The question of climate has become quite an important one in these times, much talked about–though not always agreed upon. The need for prompt action requires a strong consensus, but where are people getting their information?
Some read the scientific literature, others listen to talk radio and quite a few form their opinions based on comments made by their local TV weathermen. A combined study published by Yale and George Mason Universities found that 66% of respondents trusted their local weathermen on this subject, more than other media sources and more than public figures like Al Gore or Sarah Palin.
So it might be cause for concern to discover that, according to a recent survey of meteorologists, who seem to have such a direct line to the public on this issue, only one-third of them believe that there is a scientific consensus on climate change and 79% of them said that they felt coverage of the subject should reflect a balance of viewpoints. This is despite the fact that 96% of climatologists agree the global temperature is rising and that human activity is a significant contributing factor.
It is also despite the fact that the American Meteorological Society, the primary credentialing body for weather forecasters has affirmed the conclusions of the UN IPCC report. They state clearly on their website, noting some uncertainties, that “… there is adequate evidence from observations and interpretations of climate simulations to conclude that the atmosphere, ocean, and land surface are warming; that humans have significantly contributed to this change; and that further climate change will continue to have important impacts on human societies, on economies, on ecosystems, and on wildlife through the 21st century and beyond.” The Society now includes climate-change workshops for weathercasters in its conferences.
So why then are so many weather forecasters “going rogue” when it comes to this issue?
Several well-known forecasters — including John Coleman in San Diego and Anthony Watts, a retired Chico, Calif., weatherman who now has a popular blog — have been vociferous in their critiques of global warming. And in Rochester, NY, TV meteorologist Kevin Williams has publicly debated representatives of Sierra Club on the issue, drawing deeply from the support among fellow meteorologists as the basis of his argument.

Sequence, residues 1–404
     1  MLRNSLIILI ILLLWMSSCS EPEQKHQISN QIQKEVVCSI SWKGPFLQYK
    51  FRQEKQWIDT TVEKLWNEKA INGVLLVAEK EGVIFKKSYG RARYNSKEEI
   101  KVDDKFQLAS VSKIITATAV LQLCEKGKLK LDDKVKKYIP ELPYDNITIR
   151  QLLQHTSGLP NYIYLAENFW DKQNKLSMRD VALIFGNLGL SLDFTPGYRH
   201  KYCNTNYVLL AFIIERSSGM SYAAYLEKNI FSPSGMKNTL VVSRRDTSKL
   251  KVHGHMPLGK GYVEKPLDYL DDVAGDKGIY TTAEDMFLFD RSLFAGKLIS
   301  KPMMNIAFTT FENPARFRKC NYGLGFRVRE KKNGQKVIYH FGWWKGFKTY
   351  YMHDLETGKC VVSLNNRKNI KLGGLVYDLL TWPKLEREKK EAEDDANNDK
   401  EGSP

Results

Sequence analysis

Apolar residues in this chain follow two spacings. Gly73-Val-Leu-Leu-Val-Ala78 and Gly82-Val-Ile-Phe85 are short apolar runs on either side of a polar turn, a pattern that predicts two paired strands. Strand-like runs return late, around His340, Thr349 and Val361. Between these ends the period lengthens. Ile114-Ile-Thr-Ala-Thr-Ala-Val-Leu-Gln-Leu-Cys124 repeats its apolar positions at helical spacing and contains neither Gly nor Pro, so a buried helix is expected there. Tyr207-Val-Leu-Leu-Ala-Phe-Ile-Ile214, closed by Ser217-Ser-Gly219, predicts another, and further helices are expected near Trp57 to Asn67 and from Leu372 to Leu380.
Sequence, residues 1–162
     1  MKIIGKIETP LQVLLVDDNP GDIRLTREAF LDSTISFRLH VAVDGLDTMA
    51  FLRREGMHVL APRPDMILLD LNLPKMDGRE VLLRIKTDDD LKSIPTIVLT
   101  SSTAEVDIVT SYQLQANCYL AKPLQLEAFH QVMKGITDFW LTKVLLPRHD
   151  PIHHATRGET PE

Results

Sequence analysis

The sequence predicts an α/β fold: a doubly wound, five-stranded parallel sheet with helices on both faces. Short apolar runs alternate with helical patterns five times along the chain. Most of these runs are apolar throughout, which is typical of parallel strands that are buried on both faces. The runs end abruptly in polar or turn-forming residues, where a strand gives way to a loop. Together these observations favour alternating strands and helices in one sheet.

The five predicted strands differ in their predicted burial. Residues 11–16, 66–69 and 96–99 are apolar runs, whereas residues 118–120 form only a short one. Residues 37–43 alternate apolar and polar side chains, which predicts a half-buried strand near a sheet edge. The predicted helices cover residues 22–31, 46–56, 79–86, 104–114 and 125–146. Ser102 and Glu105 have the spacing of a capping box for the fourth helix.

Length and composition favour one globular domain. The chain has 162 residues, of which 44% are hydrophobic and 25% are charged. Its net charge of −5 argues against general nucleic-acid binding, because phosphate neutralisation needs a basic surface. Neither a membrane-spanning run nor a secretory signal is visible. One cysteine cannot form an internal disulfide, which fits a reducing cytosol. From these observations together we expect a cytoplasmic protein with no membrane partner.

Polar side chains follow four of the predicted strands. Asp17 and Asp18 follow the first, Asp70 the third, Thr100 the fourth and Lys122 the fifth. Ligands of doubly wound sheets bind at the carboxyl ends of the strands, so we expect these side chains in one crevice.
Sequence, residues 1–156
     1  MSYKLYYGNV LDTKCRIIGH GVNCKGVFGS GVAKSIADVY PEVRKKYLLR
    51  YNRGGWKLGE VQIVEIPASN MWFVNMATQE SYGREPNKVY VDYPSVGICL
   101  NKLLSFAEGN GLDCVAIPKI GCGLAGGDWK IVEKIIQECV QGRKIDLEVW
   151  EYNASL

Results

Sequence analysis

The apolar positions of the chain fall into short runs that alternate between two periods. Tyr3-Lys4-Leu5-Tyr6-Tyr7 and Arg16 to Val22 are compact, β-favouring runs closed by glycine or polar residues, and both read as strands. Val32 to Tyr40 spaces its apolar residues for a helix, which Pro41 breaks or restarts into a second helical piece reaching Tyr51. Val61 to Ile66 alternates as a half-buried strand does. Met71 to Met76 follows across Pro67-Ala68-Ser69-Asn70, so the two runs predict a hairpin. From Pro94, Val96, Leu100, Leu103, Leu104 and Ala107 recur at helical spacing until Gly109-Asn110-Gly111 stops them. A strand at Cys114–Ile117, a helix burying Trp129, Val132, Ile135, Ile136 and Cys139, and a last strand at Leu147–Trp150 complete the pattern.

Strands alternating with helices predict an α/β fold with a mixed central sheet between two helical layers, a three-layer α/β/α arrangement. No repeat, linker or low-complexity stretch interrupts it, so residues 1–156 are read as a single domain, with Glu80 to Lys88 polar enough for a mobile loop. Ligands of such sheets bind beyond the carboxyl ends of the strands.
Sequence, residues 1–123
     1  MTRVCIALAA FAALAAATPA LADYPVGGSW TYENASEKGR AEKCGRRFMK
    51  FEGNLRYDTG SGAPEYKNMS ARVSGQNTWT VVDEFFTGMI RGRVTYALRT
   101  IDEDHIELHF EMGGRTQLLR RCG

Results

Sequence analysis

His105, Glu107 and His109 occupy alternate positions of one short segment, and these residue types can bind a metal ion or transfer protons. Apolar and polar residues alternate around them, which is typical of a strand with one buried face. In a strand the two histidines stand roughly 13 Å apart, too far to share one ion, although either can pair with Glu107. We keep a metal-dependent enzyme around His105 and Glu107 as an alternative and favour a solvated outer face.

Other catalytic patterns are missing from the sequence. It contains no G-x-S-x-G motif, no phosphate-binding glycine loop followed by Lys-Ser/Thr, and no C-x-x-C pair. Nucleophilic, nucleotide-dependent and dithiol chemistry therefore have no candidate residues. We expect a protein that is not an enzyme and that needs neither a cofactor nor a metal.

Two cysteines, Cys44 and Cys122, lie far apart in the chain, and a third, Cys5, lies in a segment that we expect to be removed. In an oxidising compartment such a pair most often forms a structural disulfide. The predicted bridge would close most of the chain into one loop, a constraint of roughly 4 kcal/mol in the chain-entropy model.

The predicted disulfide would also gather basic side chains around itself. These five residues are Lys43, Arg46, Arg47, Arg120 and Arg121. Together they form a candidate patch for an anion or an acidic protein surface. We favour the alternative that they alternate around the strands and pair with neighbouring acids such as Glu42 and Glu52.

Many weathercasters (who may or may not be certified meteorologists) are standing in as the only scientific authority at the station. They see themselves as public servants and believe they are qualified. And they are somewhat skeptical of climatologists, who tend to move in more academic circles. In a way, it’s a bit like a furnace technician or appliance repairman making derisive comments about the engineers who designed the products. While they are surely aware of some of the shortcomings of the design, that doesn’t mean that they really appreciate everything that went into it or that they could design something like that themselves. And since the two groups rarely communicate with one another, it’s easy for suspicion and mistrust to grow,
A crucial point that lies at the heart of this discussion is how many people fail to appreciate the difference between weather, which is about short term behavior of the atmosphere and climate, which is the broader system in which weather occurs. They rely on different tools, focusing on phenomena of differing magnitudes and time scales and have different inherent strengths and weaknesses. Some things are easier to predict long term. For example, in New York, at the beginning of March one could say with great confidence, that it will be warmer in August. Whether the same thing can be said about the following week is more uncertain.
Dr. Joseph Romm, editor of Climate Progress and a Senior Fellow at the American Progress, named by Time magazine as one of the “Heroes of the Environment″ for 2009 put it in somewhat stronger terms. “Asking a meteorologist to opine on the climate is like asking your family doctor what the chances are for an avian flu pandemic in the next few years…”
Charles Homans, writing for the Columbia Journalism Review frames the argument more scientifically. “Meteorologists live in the short term, the day-to-day forecast. It’s an incredibly hard thing to predict accurately, even with the best models and data; tiny discrepancies matter enormously, and can pile up quickly into giant errors. Given this level of uncertainty in their own work, meteorologist looking at long-range climate questions are predisposed to see a system doomed to terminal unpredictability. But in fact, the basic question of whether rising greenhouse gas emissions will lead to climate change hinges on mostly simple, and predictable, matters of physics. The short-term variations that throw the weathercasters’ forecasts out of whack barely register at all.”
RP Siegel is the the Executive Director of Cool Rochester and co-author of the novel Vapor Trails.